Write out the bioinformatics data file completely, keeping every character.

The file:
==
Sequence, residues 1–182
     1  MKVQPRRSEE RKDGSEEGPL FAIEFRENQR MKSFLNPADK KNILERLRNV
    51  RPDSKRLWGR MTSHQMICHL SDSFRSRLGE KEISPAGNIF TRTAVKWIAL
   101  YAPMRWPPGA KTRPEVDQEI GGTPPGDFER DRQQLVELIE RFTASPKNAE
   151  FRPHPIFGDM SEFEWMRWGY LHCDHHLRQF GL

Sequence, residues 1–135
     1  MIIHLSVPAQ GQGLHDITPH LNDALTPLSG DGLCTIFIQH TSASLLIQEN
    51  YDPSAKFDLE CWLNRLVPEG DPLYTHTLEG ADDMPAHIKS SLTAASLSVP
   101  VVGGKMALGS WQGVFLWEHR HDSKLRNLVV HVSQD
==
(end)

Sequence, residues 1–182
     1  MKVQPRRSEE RKDGSEEGPL FAIEFRENQR MKSFLNPADK KNILERLRNV
    51  RPDSKRLWGR MTSHQMICHL SDSFRSRLGE KEISPAGNIF TRTAVKWIAL
   101  YAPMRWPPGA KTRPEVDQEI GGTPPGDFER DRQQLVELIE RFTASPKNAE
   151  FRPHPIFGDM SEFEWMRWGY LHCDHHLRQF GL

Sequence, residues 1–135
     1  MIIHLSVPAQ GQGLHDITPH LNDALTPLSG DGLCTIFIQH TSASLLIQEN
    51  YDPSAKFDLE CWLNRLVPEG DPLYTHTLEG ADDMPAHIKS SLTAASLSVP
   101  VVGGKMALGS WQGVFLWEHR HDSKLRNLVV HVSQD